In the absence of inhibitors, both [18F]5a and [18F]5b showed similar levels of uptake in 9 L gliosarcoma cells, with intracellular accumulations of 0.43% and 0.50% of the initial dose per million cells after 30 minutes of incubation, respectively. To facilitate the comparison of the effects of the inhibitors, the data were expressed as percent uptake relative to the control condition (no inhibitor) as shown in
In assays employing [18F]5b, BCH inhibited 33% of uptake of activity compared to controls while N-MeAIB blocked 88% of uptake compared to controls. Only the reduction of uptake of [18F]5b by N-MeAIB was significantly different from control uptake (p<0.01 by 1-way ANOVA), although a trend towards reduction was observed with BCH. Also, N-MeAIB reduced uptake of [18F]5b to a greater extent than BCH (p<0.05 by 1-way ANOVA).
Taken together, these inhibition studies indicate that [18F]5a and [18F]5b are substrates for the A-type amino acid transport system in 9 L gliosarcoma cells based on the inhibition of uptake of both compounds in the presence of N-MeAIB. Additionally, [18F]5a is also a substrate in vitro for at least one non-A transport system, possibly system L, based on the inhibition of uptake by BCH. The data indicate that [18F]5b is a more selective substrate for the A-type amino transport system than [18F]5a, consistent with the increased selectivity of N-MeAIB for A-type transport relative to AIB [Shotwell, M A et al. (1983), Biochim. Biophys. Acta. 737:267-284; Christensen, U N et al. (1983) J. Med. Chem. 26:1374-1378]. Because [18F]5a and [18F]5b were evaluated as racemic mixtures, it is possible that the enantiomers of these compounds differ in their specificity for the various amino acid transport systems. A more detailed analysis of the biological transport properties of these radiotracers and their single enantiomers in a panel of other tumor cell lines is in progress.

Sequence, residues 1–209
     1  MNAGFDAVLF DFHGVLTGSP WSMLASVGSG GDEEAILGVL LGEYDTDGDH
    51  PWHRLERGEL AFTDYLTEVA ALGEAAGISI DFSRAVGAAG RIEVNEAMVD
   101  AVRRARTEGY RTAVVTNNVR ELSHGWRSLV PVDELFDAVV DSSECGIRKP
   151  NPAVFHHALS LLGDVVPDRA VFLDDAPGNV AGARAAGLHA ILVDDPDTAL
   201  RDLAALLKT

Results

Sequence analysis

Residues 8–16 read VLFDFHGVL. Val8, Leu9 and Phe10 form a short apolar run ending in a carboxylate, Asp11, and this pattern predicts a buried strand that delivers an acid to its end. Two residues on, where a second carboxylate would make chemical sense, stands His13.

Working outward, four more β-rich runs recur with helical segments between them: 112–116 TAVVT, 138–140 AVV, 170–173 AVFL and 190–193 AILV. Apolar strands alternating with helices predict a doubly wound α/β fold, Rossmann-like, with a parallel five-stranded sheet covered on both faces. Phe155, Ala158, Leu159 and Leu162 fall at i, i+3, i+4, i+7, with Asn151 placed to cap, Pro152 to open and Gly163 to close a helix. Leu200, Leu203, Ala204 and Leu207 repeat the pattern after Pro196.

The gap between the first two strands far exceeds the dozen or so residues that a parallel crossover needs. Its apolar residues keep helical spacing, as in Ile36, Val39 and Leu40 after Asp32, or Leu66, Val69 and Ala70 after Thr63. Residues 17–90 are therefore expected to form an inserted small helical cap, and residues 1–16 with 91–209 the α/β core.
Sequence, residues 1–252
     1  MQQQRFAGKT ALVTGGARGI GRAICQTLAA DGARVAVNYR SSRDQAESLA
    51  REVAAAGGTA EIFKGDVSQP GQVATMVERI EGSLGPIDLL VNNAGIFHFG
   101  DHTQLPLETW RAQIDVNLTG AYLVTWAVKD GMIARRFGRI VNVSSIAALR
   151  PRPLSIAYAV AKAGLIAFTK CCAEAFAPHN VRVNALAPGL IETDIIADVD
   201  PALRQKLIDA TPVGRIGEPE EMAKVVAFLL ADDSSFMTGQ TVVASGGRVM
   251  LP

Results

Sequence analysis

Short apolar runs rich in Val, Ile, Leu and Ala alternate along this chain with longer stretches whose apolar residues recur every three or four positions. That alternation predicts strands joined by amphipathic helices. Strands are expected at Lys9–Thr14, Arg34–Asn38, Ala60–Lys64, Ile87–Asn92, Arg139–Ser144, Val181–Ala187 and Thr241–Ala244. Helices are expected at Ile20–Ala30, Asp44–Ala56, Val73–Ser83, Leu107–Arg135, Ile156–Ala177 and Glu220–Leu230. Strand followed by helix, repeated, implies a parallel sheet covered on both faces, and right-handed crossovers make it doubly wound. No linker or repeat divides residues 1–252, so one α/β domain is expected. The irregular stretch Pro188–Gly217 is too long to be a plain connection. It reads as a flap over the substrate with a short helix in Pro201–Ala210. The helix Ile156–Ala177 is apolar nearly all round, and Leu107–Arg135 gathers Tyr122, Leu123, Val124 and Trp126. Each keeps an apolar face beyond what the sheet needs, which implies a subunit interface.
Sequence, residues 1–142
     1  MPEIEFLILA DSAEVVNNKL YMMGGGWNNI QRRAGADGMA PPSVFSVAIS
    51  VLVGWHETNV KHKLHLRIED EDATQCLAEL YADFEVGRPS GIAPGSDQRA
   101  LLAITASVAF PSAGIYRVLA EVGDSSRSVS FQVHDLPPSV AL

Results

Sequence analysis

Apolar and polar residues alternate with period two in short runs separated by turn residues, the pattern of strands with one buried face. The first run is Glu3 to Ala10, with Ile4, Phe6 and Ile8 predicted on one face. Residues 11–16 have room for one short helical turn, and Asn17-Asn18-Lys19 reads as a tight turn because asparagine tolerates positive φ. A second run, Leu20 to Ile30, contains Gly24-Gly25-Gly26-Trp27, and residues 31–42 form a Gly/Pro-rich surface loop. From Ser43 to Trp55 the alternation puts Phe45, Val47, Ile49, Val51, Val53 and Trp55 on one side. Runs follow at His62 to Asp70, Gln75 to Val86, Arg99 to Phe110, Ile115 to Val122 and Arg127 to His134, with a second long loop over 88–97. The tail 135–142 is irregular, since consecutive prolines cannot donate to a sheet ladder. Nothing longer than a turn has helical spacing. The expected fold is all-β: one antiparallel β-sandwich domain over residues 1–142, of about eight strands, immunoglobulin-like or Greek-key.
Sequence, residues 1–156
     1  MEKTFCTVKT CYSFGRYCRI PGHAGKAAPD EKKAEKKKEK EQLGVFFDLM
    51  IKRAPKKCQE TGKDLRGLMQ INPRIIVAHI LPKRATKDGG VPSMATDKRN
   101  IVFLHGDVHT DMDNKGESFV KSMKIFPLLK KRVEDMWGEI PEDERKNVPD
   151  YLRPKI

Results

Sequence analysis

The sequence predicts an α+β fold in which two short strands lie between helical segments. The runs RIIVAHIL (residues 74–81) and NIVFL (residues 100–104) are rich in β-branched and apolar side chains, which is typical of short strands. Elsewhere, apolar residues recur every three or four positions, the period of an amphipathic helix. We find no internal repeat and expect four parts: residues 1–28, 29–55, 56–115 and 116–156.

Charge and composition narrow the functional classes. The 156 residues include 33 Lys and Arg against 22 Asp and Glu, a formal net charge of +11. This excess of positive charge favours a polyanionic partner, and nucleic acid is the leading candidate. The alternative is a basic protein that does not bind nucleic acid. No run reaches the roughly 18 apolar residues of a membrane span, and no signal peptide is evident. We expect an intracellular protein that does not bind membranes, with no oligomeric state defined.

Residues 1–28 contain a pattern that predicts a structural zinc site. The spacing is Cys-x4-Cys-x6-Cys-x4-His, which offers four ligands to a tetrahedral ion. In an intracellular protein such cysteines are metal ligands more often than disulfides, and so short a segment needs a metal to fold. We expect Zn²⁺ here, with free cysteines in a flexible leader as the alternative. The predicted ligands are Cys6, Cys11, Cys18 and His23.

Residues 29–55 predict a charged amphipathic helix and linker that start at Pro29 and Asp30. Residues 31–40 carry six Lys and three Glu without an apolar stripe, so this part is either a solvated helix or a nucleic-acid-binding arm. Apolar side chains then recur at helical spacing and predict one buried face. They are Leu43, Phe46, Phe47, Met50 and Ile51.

The results of the biodistribution studies with [18F]5a in normal rats are presented in Table I. At 5 minutes after tail vein injection of [18F]5a, both the pancreas and the kidneys showed significantly higher uptake of radioactivity than the other tissues studied (p<0.001 by 1-way ANOVA), with 3.46% and 6.36% of the injected dose per gram of tissue (% ID/g), respectively. The activity in these tissues remained above the activity in other tissues (p<0.001 by 1-way ANOVA at all time points), with 2.48% ID/g in the pancreas and 2.97% ID/g in the kidneys at 120 minutes. The liver showed moderate uptake of activity, with 0.65% ID/g at 5 minutes which decreased to 0.48% ID/g after 120 minutes. Other tissues studied, including heart, lung, bone, blood, muscle, and testis, showed relatively low uptake of radioactivity at 5 minutes (<0.55% ID/g) which decreased over the course of the two hour study. The brain showed the lowest uptake of radioactivity, with approximately 0.05% ID/g at all time points.